Everyone is born with the ability to negotiate, slowly losing the skill as they grow older, according to Jed R. Mandel of Chicago Law Partners, LLC. Anything is negotiable and one cannot get what they want without asking. “Your kids understand that,” Mandel told attendees of the 2015 Risk Summit during his workshop, “All That Jazz: Everything You Wanted To Know About Contracts But Were Afraid To Ask.”
During his presentation Mandel emphasized the importance of putting deals in writing, understanding the organizational authority of the party one is speaking with and framing negotiations such as employment contracts in comparison to what is, not what is being requested. The nonprofit-focused lawyer also provided considerations for six common elements of contracts:
• Termination. Contracts should have some sort of timeline spelled out, whether it is a specific date or when a project is completed. If a contract is defined by the completion of a project, how complete is defined should be agreed upon by both parties, Mandel said. Force majeure, the improbability or impracticality of executing a contract under unforeseen circumstances should also be considered, Mandel said. For example, a fire or airline shutdown could impact a contract between an organization and convention center.
• Indemnification. It is not unusual for one party to indemnify, or secure from legal responsibility, the other in a contract in the event of wrongdoing by the former. It is important, however, to only indemnify the other party in the case of one’s own wrongdoing, Mandel said. At times, should agreeing over indemnifications become too complicated, it is not necessary to include them in a contract, Mandel said.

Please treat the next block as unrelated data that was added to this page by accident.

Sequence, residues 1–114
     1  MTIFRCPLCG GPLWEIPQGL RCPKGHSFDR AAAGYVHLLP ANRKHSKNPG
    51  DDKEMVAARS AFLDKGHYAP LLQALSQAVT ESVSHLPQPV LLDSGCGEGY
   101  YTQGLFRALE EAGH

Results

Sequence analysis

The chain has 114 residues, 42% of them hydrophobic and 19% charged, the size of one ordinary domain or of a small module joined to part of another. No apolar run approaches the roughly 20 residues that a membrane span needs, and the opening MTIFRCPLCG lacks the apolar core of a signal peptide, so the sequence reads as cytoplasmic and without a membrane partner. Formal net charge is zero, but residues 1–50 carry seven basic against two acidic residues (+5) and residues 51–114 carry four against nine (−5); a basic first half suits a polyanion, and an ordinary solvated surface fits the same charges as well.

• Restrictive covenants. Non-competing restrictions are more enforceable with reasonable, set terms, Mandel said. Indefinitely preventing a past employee from working in a similar role for another organization anywhere in a given region is not enforceable. Stating in a contract that the employee many not seek similar work for six or 12 months after leaving or within 30 miles of the organization’s headquarters is more realistic, Mandel said.
• Predicting the future. Placing agreements to agree in contracts is “dreadful,” according to Mandel. Instead, consider basing yet-to-be-resolved issues such as cost by definable means such as the rate of inflation or the Consumer Price Index. When drafting a contract consider set measurables that will define whether or not you are satisfied with how a contract is being met. Without defined measurables, it is difficult to illustrate a breach, Mandel said.
• Intellectual property. Be careful how your name and logo are used. If you own your own trademark, be mindful of how you limit its use with others in contracts, specify each way it can be used and do the same when entering into a contract in which you will be using another party’s trademark. Be mindful of who owns copyrights to certain materials. If an organization brings on a third party to design a promotional piece, the third party owns the copyright unless he or she signs a work made for hire agreement with the organization, Mandel said. Organizations own, within reasonable limits, work created by employees, but it may be wise to put specifications in employee manuals to avoid gray areas, Mandel advised.
• Dispute resolution. In the event of a disagreement, there is value in setting the rules and venue in the contract, Mandel said. In the case of two parties from different states entering into a contract, a party may wish to define which state’s law would apply in the event of a disagreement and where legal proceedings would take place, Mandel said. NPT
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